In Iowa, child abuse includes different types of injuries, harm, or dangers to a child. A child is a person who is under the age of eighteen. Child abuse includes the things that people typically think of as child abuse - physical injuries that are not an accident, some types of mental harm, and sexual abuse. Child abuse can also include not providing a child with supervision, food, shelter, clothing, medical care, or other necessities. Another example is if a child tests positive for illegal drugs because of a care provider. You can find a more complete list of what is child abuse in Iowa here: https://dhs.iowa.gov/child-abuse/what-is-child-abuse.
If you have questions about what is or is not child abuse, you should talk to a lawyer.
Who is responsible for investigating child abuse in Iowa?
The Iowa Department of Health and Human Services (HHS) investigates and decides whether there is enough evidence to determine that a child has been abused. HHS is a new department that includes both the Iowa Department of Human Services (DHS) and the Iowa Department of Public Health (IDPH). This change, from two departments to one, was made in July of 2022 and may take up to a year to be completed. Child abuse forms and paperwork may still refer to DHS, rather than HHS, until July of 2023.
If you suspect that a child is being abused, you can report it to HHS. The name of a person who reports child abuse must be kept confidential and cannot be disclosed. HHS will complete an assessment. If HHS knows where the parents are, the parents of the child should be notified, in writing, that an assessment is being done unless a judge decides that notifying the parents will be dangerous for the child.
What happens after HHS investigates a report of child abuse?
After HHS finishes investigating, HHS will send a notice that the assessment was completed to the person suspected of child abuse and the parents or guardians of the child. They will receive a written report called a Child Abuse Assessment Report.
What findings are made in a Child Abuse Assessment Report?
HHS can make one of three findings about the alleged abuse. The alleged abuse can either be:
• Not confirmed;
• Confirmed (but not placed on the Central Abuse Registry); or
• Founded (confirmed and placed on the Registry).
An allegation of abuse is “not confirmed” when more than half of the evidence does not prove or show that child abuse has occurred. A “confirmed” finding means that more than half of the evidence proves or shows that abuse occurred but the abuse that occurred does not qualify for placement on the Central Abuse Registry. An allegation of abuse will be “founded” when more than half of the evidence shows the abuse occurred and the type of abuse qualifies for placement on the Registry.
What can I do if I do not agree with the finding in the Child Abuse Assessment Report?
If you are the person who is alleged to be responsible for the abuse (or one of them), you can appeal the decision. An appeal must be filed within 90 days of the decision. To file an appeal, you need to send a written and signed statement to the DHS Appeals Section, 1305 E Walnut Street, Des Moines, Iowa 50319-0114 (or file an appeal electronically, as explained below). The written statement needs to include the reason you don’t agree with the findings in the Assessment.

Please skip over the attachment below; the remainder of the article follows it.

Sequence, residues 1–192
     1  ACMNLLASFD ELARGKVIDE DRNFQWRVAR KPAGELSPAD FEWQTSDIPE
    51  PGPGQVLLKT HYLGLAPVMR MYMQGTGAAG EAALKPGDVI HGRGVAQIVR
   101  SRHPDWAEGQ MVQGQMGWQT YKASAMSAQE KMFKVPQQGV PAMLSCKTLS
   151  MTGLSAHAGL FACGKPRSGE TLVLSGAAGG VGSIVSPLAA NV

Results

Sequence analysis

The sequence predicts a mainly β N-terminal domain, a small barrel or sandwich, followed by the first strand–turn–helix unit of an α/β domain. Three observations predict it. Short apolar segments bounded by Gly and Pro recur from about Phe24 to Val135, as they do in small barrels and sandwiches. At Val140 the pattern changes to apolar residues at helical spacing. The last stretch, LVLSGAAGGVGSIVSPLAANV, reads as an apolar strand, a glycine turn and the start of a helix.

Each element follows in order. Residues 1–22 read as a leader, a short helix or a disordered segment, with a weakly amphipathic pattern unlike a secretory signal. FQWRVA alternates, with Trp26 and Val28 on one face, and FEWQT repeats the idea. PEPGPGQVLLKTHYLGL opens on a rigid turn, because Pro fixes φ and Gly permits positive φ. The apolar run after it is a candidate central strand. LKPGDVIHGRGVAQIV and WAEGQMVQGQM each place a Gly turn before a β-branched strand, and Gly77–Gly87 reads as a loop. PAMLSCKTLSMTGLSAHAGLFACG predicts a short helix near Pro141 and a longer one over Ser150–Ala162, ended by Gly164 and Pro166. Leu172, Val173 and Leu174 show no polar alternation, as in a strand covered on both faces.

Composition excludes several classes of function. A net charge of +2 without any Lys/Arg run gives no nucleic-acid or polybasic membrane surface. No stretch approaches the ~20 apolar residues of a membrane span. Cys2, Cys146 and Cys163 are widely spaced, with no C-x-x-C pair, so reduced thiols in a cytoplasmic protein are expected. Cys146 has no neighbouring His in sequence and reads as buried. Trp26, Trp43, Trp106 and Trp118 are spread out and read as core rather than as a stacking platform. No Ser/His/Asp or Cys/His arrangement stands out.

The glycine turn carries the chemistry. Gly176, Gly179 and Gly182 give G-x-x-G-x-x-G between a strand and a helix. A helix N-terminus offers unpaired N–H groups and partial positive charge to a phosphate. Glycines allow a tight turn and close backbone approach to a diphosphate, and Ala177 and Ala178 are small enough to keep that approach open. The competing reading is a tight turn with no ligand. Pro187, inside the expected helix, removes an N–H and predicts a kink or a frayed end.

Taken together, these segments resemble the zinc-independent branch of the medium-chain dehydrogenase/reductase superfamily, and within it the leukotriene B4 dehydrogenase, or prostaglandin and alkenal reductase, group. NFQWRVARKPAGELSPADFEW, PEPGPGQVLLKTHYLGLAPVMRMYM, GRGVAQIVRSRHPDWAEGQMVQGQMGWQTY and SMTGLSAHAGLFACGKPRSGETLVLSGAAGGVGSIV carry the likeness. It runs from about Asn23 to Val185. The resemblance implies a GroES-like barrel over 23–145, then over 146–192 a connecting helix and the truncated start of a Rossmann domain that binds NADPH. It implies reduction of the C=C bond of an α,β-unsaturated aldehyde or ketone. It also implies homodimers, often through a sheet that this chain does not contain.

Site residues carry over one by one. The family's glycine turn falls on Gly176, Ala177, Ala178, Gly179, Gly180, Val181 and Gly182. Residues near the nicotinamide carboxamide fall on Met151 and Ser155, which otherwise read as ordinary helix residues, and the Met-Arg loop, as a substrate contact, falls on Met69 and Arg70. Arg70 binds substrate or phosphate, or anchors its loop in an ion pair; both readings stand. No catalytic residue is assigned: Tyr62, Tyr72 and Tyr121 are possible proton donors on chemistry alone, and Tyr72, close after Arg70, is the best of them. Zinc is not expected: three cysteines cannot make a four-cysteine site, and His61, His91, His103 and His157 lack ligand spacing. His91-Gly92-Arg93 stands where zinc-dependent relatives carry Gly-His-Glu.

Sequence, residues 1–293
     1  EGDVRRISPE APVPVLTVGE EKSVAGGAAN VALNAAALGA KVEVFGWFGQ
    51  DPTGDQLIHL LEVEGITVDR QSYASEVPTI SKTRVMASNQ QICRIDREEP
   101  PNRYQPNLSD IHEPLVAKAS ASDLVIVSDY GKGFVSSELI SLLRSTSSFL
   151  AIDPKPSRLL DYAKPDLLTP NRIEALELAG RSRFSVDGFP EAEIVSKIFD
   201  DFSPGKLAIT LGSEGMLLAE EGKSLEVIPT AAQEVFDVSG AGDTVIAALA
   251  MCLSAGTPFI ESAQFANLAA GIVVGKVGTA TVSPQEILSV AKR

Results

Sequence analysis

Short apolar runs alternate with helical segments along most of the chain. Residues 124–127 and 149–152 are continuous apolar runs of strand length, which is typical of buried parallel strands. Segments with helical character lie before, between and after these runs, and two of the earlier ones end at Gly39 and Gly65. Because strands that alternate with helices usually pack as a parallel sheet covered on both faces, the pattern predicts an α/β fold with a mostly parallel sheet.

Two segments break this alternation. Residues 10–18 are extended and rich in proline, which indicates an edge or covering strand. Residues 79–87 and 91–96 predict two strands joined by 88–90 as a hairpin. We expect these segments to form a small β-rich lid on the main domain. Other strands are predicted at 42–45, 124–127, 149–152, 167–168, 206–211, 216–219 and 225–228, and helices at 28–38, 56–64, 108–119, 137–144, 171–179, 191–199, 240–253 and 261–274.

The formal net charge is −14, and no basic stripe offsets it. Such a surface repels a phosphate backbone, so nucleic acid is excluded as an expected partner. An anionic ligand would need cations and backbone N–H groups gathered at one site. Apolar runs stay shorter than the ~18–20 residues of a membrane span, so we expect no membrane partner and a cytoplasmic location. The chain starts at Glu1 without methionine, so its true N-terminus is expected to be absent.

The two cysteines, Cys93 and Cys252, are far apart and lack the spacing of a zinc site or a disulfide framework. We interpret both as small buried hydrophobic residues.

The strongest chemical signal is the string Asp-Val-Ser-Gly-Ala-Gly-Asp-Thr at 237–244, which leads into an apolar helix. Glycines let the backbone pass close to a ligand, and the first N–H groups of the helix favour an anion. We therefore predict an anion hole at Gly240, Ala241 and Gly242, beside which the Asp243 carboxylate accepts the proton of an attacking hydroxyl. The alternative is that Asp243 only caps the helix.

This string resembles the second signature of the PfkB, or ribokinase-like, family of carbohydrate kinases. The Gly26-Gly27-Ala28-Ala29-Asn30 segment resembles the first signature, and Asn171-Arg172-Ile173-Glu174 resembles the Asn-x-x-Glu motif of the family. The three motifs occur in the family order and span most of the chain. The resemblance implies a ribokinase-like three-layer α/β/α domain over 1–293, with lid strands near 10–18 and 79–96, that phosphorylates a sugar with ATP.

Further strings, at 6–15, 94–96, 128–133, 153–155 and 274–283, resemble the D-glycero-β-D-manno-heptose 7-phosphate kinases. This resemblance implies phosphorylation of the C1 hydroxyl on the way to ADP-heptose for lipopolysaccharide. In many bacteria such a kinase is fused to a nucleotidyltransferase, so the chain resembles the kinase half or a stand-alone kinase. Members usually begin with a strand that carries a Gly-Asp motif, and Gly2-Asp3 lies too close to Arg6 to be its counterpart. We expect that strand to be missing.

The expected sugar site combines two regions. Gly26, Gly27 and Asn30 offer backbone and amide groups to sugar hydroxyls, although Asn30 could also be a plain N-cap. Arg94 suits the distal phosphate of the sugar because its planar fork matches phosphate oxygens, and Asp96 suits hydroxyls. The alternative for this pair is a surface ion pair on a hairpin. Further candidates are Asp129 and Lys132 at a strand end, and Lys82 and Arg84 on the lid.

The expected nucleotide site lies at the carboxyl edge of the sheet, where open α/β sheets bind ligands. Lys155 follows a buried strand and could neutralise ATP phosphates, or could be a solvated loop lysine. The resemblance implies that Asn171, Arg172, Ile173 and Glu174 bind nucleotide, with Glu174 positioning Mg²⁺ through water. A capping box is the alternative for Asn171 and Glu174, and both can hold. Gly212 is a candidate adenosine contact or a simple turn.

You can also appeal the decision electronically. There are online appeal forms, in English and Spanish, available at https://dhs.iowa.gov/node/966/AppealsRequest.htm.
If you are the subject of the report and believe some information is wrong in a Child Abuse Assessment, you can make a request for correction of the information. This request is made to the local DHS office, whose address will be on the letter that comes with the Assessment. You can only request a correction within 90 days of the decision.
An appeal and a request for correction are different things (but both have a 90 day deadline). If you have any questions, you should contact an attorney.
Who has access to Child Abuse Assessment Reports?
Child Abuse Assessment Reports are confidential and protected and only certain people have access to the Reports. The people who have access to the Assessment Report depends on what type of finding is made in the Report. Generally, the parent, guardian, or a custodian of the child will have access. The court, certain agencies, or others may also have access.
How do I get a copy of a Child Abuse Assessment Report if I am an authorized person?
You can request a copy by filling out a “Request for Child and Dependent Adult Abuse Information” form and emailing, faxing, or mailing it to the Central Abuse Registry at the Iowa Department of Health and Human Services. You can get a copy of the form by going to https://dhs.iowa.gov/ and entering 470-3301 in the search box. The email, fax, and mailing address for the Central Abuse Registry are on the top of the first page of the form.
If I am an authorized person or have a copy of a Child Abuse Assessment, can I share it with other people?
No! There are laws about who child abuse information can be shared with. It is a crime to share the information or release the documents to anyone who is not authorized to have access to the information. You can find more information about the rules against releasing or sharing child abuse information on the second page of the “Request for Child and Dependent Adult Abuse Information” form. Please talk to an attorney before you share child abuse information with anyone.